You have your flashcards, whiteboard, and markers all set and ready. You’re full of optimism and enthusiasm. You’re gonna teach your child to read!
But then your little one seems interested in anything BUT working on their letter sounds. They squirm and balk at blending. They give you an “I don’t want to” when you hand them a marker.
What’s up with that? Kids love to learn new things! So why don’t they want to learn from you?
First, you should know it’s not just you. Lots of parents have talked with me about learning-time pushback. These tips will help you create lessons your little one will look forward to!
#1 Create a consistent routine.
Most families with young kids have a hard time squeezing in all of their daily to-dos. When we’re not waiting in a miles-long drop-off line, we’re scrambling to squeeze in homework between ball practice and bath time.
If that sounds familiar, you might be approaching your kid with reading lessons at a different time of day, every day.
But developing brains don’t work well with inconsistent schedules.
In fact, kids need structure to thrive. Schedules and routines help kids feel safe and secure in their environments. And, when kids feel that underlying level of safety and predictability, they’re better able to engage their brains and focus on learning.
So, pick a set time for learning and practice. Communicate that expectation and schedule with your kid. Then, stick to it.
#2 Explain new concepts clearly.
Kids don’t like things they don’t understand. So, if any part of your teaching is confusing, they’ll likely get frustrated. No child—and no adult, for that matter—feels excited about learning when they hit obstacle after obstacle. And because learning how to read doesn’t come naturally, those obstacles come up frequently.
So, before you try to teach your little one something new, make sure YOU understand it. Practice how you’ll explain it to them. When you feel confident teaching, they’ll be more interested in learning.
#3 Make your lessons interesting.
Boredom and kids don’t mix. When kids get bored, they can’t focus on the task at hand. And when you try to nag them into focusing anyway, they naturally push back.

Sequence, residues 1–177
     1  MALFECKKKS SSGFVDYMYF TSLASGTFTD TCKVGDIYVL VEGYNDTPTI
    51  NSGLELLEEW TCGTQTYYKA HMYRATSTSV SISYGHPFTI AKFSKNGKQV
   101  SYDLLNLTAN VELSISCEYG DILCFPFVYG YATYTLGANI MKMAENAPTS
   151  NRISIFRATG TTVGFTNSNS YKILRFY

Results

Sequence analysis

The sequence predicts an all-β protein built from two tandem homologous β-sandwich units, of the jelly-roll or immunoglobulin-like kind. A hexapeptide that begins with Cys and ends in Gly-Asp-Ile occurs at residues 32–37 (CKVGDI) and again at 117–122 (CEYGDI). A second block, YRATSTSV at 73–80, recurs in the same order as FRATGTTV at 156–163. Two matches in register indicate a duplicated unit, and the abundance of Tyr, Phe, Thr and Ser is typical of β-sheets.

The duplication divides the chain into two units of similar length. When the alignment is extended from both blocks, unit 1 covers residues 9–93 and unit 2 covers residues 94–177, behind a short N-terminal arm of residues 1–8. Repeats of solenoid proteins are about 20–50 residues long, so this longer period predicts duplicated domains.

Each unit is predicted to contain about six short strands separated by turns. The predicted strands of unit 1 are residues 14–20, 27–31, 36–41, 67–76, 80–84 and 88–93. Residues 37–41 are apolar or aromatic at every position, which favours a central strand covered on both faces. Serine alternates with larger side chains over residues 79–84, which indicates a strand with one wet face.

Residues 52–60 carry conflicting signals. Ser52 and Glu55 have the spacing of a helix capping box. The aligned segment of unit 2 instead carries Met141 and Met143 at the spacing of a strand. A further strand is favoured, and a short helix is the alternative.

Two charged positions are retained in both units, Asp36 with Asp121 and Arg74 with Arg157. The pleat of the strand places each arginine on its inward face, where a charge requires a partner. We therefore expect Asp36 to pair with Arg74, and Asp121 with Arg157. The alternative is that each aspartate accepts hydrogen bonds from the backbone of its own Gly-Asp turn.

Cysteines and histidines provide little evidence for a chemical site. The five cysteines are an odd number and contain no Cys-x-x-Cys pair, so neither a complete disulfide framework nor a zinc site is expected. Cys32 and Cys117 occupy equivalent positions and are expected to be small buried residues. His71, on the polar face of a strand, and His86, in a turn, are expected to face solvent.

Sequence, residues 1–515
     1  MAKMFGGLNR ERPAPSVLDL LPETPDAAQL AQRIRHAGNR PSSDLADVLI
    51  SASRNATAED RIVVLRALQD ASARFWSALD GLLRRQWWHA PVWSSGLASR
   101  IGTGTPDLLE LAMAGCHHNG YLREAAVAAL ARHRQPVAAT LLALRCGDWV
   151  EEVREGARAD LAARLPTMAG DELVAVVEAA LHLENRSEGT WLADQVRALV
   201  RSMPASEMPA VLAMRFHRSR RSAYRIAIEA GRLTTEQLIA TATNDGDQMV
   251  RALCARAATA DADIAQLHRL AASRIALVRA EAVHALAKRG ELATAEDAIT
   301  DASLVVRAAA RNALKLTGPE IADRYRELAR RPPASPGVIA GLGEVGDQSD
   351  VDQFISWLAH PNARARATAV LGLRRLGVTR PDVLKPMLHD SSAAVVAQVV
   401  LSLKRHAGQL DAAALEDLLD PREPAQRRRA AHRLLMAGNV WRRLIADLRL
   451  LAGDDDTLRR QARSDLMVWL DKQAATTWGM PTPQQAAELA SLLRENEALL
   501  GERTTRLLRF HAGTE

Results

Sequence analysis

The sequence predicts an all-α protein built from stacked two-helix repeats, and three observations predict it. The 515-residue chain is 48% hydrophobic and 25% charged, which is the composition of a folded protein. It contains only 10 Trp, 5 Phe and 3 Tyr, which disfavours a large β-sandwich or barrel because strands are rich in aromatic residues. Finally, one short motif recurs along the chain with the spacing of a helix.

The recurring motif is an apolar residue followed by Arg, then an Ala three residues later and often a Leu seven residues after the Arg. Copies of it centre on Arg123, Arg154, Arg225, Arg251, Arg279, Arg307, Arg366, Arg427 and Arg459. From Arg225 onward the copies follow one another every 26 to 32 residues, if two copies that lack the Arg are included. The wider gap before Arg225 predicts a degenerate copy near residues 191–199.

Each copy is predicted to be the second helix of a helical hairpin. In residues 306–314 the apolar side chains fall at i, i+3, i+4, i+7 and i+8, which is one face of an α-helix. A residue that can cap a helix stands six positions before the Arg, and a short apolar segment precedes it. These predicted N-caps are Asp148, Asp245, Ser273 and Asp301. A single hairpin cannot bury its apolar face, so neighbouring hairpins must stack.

Fortunately, there’s an easy fix: Play-based learning.
Research actually shows that play is learning; you don’t have to choose one or the other! You even get bonus points if you can get your little one moving their body during lessons—another evidence-based strategy for cognitive development and learning.
One way to make learning how to read fun is to incorporate what your little one cares about into what you’re trying to teach. Does your kid have a favorite action figure or character? Make the toy say the letter sounds. Are they super active? Put letter flashcards around the room and have them “deliver” their toy to the sound card you’re practicing.
Use whatever you can think of to keep things light, fun, and engaging.
#4 Try engaging them in a new way.
Your engagement strategy might have been perfect last month. But this month? Old news. If what you were doing before suddenly stops working, try a different engagement strategy.
Kids like new. In fact, evidence shows that curiosity and surprise actually help improve memory.
So try a lesson outside. Have another adult or sibling teach the lesson. It doesn’t have to be complicated. Just switch it up a bit and watch your little one re-engage.
#5 Give your little one opportunities to practice following directions.
Some family environments are naturally less structured. In that case, some little ones struggle a bit more when they’re suddenly expected to focus and follow directions.
Helping your little one build tolerance for following directions is crucial. Start slow. Build in a short activity every day that gets them listening and focused. Starting the day with a morning message routine can be especially helpful.
You can also try these tips for engagement:
- Sit close, face-to-face, making eye contact. (If your child struggles with or feels uncomfortable making eye contact, skip this. You know your child best.)
- Make gentle physical contact to keep them present.
- Keep your energy calm and confident.
- Preview the lesson ahead of time to let them in on what to expect.
- Use questions, statements, and directions correctly.
- Believe they can do it!
Your little one is going to love learning from you!
Kids love getting one-on-one time with their parents, so you’re actually their #1 choice of teacher… IF you teach in a way their developing brain understands best.
It’s not always easy, for you or for your kid. But I’m here and ready to help—especially if you want to teach your child to read.
Start with my free workshop. It’s just 30 minutes long, it’s encouraging and easy-to-understand, and you’ll walk away knowing exactly how to teach reading to your little one. Register for free now.